Man, who owns Rs1,000 crore realty in South Mumbai, missing

Thursday, 16 January 2014 - 10:57am IST | Place: Mumbai | Agency: DNA
Kin fear foul play as Nikhil Jhaveri was being pestered by land sharks to sell property off.

It has been more than a month since 49-year-old Nikhil Jhaveri went missing from his home in Thakur Village in Kandivali East. Jhaveri, who owns and ran the once-prestigious Palm Beach School in Napean Sea Road before it closed down in 2009, suffers from Huntington’s disease – a genetic disorder that affects motor functions. His relatives fear the land mafia, which was eyeing the property, worth Rs1,000 crore, may be behind his disappearance.

Jhaveri, who lived in Napean Sea road until a few months ago, moved to his sister and brother-in-law’s place in Kandivali in November 2012. “Ever since the school shut, Jhaveri was under stress. While he moved to Kandivali after LIC sealed his house over a loan default, he still owns the school property, which worth Rs1,000 crore,” said Pravin More, senior inspector of Samta Nagar police, where a missing person’s complaint has been registered.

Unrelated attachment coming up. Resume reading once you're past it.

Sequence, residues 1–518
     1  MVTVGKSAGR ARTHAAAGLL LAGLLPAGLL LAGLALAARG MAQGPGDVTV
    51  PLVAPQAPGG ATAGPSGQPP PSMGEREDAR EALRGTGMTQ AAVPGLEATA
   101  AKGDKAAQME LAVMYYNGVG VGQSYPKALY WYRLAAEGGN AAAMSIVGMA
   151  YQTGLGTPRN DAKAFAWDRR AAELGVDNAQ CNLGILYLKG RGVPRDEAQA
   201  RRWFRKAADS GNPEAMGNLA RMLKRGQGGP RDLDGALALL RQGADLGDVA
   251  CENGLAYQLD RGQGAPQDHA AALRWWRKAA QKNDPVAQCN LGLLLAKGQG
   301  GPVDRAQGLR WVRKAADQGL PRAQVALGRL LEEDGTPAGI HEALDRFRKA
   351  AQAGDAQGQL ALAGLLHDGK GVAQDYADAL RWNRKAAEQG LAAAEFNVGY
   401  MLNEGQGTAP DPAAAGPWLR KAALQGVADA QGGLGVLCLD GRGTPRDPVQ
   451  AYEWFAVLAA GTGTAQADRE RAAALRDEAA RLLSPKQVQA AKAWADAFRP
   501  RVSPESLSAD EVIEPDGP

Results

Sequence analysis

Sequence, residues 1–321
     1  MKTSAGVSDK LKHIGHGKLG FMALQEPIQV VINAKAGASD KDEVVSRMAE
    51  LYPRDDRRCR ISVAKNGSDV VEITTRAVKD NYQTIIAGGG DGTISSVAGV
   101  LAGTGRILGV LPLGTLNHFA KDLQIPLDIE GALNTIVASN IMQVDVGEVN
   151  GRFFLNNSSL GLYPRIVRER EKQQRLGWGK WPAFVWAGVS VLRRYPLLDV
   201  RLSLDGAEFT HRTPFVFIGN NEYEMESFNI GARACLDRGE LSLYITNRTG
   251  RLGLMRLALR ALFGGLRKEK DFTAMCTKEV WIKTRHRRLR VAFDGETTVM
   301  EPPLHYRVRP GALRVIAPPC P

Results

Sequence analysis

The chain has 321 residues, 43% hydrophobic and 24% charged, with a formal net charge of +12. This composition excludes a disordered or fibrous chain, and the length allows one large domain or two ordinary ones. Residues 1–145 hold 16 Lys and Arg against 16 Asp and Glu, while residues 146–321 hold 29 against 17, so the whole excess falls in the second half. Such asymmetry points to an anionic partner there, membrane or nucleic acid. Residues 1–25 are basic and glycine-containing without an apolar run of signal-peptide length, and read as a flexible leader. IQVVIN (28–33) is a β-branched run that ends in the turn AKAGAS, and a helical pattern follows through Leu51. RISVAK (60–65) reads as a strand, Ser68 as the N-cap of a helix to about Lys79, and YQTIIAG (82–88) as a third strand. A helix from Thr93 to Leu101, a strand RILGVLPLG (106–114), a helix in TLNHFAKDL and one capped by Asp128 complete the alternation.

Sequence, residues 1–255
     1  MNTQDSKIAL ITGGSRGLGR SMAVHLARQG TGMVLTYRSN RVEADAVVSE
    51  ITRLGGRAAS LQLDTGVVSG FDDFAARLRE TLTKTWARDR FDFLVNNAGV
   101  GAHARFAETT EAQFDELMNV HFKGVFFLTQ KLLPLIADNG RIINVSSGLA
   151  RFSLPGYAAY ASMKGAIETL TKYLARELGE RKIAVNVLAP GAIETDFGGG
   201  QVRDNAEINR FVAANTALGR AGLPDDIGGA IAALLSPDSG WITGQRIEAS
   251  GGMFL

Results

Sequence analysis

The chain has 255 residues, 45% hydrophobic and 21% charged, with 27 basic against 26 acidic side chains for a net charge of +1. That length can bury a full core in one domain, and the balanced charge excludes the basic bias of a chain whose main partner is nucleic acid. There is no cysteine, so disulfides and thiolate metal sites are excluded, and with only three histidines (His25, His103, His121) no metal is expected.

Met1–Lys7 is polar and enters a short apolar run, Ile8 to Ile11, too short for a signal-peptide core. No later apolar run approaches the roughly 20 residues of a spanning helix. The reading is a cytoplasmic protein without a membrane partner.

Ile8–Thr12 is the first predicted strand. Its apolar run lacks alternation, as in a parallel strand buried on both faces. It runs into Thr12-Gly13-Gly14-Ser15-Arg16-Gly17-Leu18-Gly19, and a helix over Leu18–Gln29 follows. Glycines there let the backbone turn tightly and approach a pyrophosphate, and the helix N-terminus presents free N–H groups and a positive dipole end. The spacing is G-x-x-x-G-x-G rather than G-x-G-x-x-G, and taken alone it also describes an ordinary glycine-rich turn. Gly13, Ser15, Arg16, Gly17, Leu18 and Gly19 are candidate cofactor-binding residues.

According to his relatives, Jhaveri had plans start an IB school. He was also approached by several property developers with business deals. Tejas Mehta, Jhaveri’s nephew said, “My uncle has been suffering from Huntington’s disease since the last five years. He is absent-minded and has problem in walking and swallowing.”

Mehta said Jhaveri would often get depressed. “Besides the property spanning 22,000 square feet, he did not have any liquid cash. He wanted to develop a school by getting into partnership.

However, his dreams didn’t materialise.”

Jhaveri, a two-time divorcee, went missing on December 3rd and a complaint was filed four days later. Mehta said, “He had gone missing in the past too, but we had found him at a relative’s place or near the school property. That is why we didn’t file a complaint immediately.”

Since a prime property is in his name, relatives fear involvement of land sharks. “We are probing from all angles. He did not carry a phone or wallet. We are contacting his ex-wives, relatives and other friends,” said a police officer.

Jhaveri’s lawyer, Vikram Trivedi, managing partner of firm Manilal Kher Ambalal and co, said, “He wanted to build an IB school, but was not interesting in selling the property. He had been approached by many people, but never proceeded further with the talks.”

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